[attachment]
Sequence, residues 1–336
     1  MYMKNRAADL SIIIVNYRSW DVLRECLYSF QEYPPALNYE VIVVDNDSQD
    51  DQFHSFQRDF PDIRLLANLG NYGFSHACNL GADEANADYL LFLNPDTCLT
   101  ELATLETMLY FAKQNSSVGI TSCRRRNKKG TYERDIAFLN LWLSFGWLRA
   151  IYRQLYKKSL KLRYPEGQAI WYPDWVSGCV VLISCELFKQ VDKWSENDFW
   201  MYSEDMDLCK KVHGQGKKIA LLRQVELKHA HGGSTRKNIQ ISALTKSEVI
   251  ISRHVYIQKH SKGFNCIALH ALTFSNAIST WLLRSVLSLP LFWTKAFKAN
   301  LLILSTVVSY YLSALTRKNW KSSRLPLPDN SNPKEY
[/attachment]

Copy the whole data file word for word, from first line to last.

Sequence, residues 1–336
     1  MYMKNRAADL SIIIVNYRSW DVLRECLYSF QEYPPALNYE VIVVDNDSQD
    51  DQFHSFQRDF PDIRLLANLG NYGFSHACNL GADEANADYL LFLNPDTCLT
   101  ELATLETMLY FAKQNSSVGI TSCRRRNKKG TYERDIAFLN LWLSFGWLRA
   151  IYRQLYKKSL KLRYPEGQAI WYPDWVSGCV VLISCELFKQ VDKWSENDFW
   201  MYSEDMDLCK KVHGQGKKIA LLRQVELKHA HGGSTRKNIQ ISALTKSEVI
   251  ISRHVYIQKH SKGFNCIALH ALTFSNAIST WLLRSVLSLP LFWTKAFKAN
   301  LLILSTVVSY YLSALTRKNW KSSRLPLPDN SNPKEY